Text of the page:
This opinion will be unpublished and

may not be cited except as provided by

Minn. Stat. § 480A.08, subd. 3 (2000).






Jerome T. Franssen,





Precision Design, Inc.,



Commissioner of Economic Security,



Filed July 10, 2001


Kalitowski, Judge


Department of Economic Security

File No. 672500


Jerome T. Franssen, 95 White Pine Road, Circle Pines, MN 55014 (pro se relator)


Precision Design, Inc., 15 Tenth Avenue South, #102, Hopkins, MN 55343 (respondent)


Kent E. Todd, 390 North Robert Street, St. Paul, MN 55101 (for respondent Commissioner of Economic Security)


            Considered and decided by Kalitowski, Presiding Judge, Peterson, Judge, and Lindberg, Judge.*

U N P U B L I S H E D   O P I N I O N


            Respondent Precision Design, Inc., a temporary staffing company, offered relator Jerome T. Franssen, a mechanical designer, a position with Forward Technologies Industries, Inc., in Plymouth, Minnesota.  Relator rejected this offer of employment claiming the commute was too long.  Relator challenges the determination of the commissioner’s representative that a commute of 27 miles from relator’s home to work did not constitute good cause to refuse the offer of employment, and therefore relator was disqualified from receiving unemployment benefits.  We affirm.


            On appeal, a reviewing court must examine the decision of the commissioner’s representative, rather than that of the unemployment insurance judge.  Kalberg v. Park & Recreation Bd., 563 N.W.2d 275, 276 (Minn. App. 1997).  Decisions of the commissioner’s representative are accorded particular deference.  Tuff v. Knitcraft Corp., 526 N.W.2d 50, 51 (Minn. 1995).  The factual findings of the commissioner’s representative are viewed in the light most favorable to the decision and are not disturbed if evidence in the record reasonably tends to sustain them.  Lolling v. Midwest Patrol, 545 N.W.2d 372, 377 (Minn. 1996).  The ultimate determination of whether an employee is properly disqualified from receiving benefits is a question of law, subject to de novo review.  Id.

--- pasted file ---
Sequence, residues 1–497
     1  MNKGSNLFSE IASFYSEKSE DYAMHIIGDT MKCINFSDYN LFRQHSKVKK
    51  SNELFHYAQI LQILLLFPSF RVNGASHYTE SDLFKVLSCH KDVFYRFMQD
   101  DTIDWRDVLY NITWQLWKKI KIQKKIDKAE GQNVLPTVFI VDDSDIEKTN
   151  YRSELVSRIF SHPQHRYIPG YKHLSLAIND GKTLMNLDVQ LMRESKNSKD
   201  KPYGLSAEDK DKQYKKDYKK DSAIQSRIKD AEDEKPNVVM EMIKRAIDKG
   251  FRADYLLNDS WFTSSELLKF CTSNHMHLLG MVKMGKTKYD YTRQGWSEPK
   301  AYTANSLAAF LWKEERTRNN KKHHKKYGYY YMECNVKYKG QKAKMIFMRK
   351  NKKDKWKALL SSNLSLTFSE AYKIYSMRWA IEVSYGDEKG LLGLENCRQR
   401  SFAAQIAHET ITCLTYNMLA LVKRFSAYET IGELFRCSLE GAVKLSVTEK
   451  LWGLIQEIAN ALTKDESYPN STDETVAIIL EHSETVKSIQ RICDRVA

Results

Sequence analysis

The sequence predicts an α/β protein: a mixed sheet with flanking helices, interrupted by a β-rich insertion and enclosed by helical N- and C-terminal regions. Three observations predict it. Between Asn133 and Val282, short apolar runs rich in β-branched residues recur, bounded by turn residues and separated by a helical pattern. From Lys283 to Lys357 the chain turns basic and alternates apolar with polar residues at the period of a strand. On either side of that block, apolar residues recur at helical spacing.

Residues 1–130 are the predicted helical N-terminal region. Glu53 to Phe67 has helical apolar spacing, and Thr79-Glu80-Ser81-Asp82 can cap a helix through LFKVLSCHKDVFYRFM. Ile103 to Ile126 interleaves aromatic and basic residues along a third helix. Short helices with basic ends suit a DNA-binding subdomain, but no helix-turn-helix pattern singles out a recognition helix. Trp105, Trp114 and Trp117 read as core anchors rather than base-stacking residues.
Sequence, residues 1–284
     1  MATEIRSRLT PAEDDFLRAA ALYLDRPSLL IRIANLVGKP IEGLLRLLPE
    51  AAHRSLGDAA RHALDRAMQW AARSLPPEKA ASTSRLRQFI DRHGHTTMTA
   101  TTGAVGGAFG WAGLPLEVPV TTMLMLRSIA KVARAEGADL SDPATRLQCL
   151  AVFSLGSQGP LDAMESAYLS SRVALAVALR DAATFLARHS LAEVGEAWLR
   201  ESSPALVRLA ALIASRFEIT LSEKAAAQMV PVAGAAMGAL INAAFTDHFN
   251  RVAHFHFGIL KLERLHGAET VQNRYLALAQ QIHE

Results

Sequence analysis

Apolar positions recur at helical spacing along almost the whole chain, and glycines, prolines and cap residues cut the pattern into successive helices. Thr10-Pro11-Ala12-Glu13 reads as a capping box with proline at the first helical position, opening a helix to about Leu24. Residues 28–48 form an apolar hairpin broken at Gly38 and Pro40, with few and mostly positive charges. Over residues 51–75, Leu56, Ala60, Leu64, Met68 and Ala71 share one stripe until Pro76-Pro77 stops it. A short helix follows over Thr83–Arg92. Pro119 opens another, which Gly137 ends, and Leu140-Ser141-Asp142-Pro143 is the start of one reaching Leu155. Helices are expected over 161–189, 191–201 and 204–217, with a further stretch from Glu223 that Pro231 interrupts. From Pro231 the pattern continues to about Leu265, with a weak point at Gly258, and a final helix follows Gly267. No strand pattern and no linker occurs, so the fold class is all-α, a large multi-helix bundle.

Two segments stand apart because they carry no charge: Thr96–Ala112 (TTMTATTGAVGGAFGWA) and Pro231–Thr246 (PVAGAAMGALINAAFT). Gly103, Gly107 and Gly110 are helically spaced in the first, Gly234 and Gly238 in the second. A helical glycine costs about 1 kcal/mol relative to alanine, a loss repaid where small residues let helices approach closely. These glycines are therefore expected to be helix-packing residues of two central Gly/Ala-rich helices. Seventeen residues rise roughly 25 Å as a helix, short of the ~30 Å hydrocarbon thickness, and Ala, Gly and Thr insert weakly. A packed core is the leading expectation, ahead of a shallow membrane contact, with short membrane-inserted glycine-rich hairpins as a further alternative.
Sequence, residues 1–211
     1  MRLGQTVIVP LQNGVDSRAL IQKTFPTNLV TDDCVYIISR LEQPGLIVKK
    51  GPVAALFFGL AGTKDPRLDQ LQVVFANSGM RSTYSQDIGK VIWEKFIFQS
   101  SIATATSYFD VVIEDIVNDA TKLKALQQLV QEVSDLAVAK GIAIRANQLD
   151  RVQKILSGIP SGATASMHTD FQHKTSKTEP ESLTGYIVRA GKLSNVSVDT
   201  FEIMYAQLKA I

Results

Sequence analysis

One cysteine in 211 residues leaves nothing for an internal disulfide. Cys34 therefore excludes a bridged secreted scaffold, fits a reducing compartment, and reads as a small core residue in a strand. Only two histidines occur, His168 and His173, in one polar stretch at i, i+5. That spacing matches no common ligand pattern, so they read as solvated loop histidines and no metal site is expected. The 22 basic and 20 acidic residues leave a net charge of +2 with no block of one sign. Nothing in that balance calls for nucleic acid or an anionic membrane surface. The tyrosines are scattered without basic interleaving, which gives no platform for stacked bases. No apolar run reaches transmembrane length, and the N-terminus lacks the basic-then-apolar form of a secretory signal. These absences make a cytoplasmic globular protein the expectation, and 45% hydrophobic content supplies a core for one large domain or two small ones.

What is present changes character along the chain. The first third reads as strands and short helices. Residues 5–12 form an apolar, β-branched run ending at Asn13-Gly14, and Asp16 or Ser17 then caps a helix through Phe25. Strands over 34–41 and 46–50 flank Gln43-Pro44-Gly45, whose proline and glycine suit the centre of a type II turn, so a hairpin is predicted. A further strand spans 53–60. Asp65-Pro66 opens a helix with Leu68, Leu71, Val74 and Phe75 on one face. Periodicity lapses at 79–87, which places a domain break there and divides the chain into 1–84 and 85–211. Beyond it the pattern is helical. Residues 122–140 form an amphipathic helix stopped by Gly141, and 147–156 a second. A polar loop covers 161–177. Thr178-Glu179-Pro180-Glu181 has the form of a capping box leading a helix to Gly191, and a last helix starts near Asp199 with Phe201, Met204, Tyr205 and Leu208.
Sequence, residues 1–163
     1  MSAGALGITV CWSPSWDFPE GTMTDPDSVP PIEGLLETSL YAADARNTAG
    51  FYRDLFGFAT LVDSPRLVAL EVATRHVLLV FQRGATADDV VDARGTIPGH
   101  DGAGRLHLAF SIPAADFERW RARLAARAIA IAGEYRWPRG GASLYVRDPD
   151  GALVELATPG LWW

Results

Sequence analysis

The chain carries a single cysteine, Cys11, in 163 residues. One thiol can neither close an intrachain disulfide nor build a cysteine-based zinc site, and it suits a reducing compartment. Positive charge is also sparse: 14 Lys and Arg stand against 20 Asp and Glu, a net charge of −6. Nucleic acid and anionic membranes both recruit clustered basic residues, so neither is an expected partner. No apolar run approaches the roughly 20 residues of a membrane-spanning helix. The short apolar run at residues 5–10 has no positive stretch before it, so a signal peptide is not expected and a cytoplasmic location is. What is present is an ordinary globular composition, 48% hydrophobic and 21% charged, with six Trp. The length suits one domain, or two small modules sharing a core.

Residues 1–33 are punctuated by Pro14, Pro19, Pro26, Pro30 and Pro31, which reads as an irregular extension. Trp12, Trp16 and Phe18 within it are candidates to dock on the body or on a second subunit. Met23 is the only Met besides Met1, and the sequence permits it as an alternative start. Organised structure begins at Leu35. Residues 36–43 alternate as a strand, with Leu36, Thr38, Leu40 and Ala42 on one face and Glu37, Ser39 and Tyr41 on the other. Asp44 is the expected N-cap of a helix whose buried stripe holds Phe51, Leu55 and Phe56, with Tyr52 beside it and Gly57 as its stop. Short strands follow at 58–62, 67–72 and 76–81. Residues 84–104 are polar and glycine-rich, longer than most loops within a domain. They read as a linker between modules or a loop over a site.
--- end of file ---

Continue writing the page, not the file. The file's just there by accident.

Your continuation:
A.        Suitable Employment

            Relator contends he should not be disqualified from receiving unemployment benefits because respondent’s offer of employment was unsuitable.  We disagree.  An applicant is disqualified from unemployment benefits if, without good cause, he or she “fail[s] to accept suitable employment when offered.”  Minn. Stat. § 268.095, subd. 8(a)(2) (2000).  Suitable employment means “employment in the applicant’s labor market area that is reasonably related to the applicant’s qualifications.”  Minn. Stat. § 268.035, subd. 23a(a) (2000).  In determining whether employment is suitable for an applicant, the commissioner must consider

the degree of risk involved to the health and safety, physical fitness, prior training, experience, length of unemployment, prospects for securing employment in the applicant’s customary occupation, and the distance of the employment from the applicant’s residence.


Id. (emphasis added).  “[P]rimary consideration,” however,

shall be given to the temporary or permanent nature of the applicant’s separation from employment and whether the applicant has favorable prospects of finding employment in the applicant’s usual or customary occupation at the applicant’s past wage level within a reasonable period of time.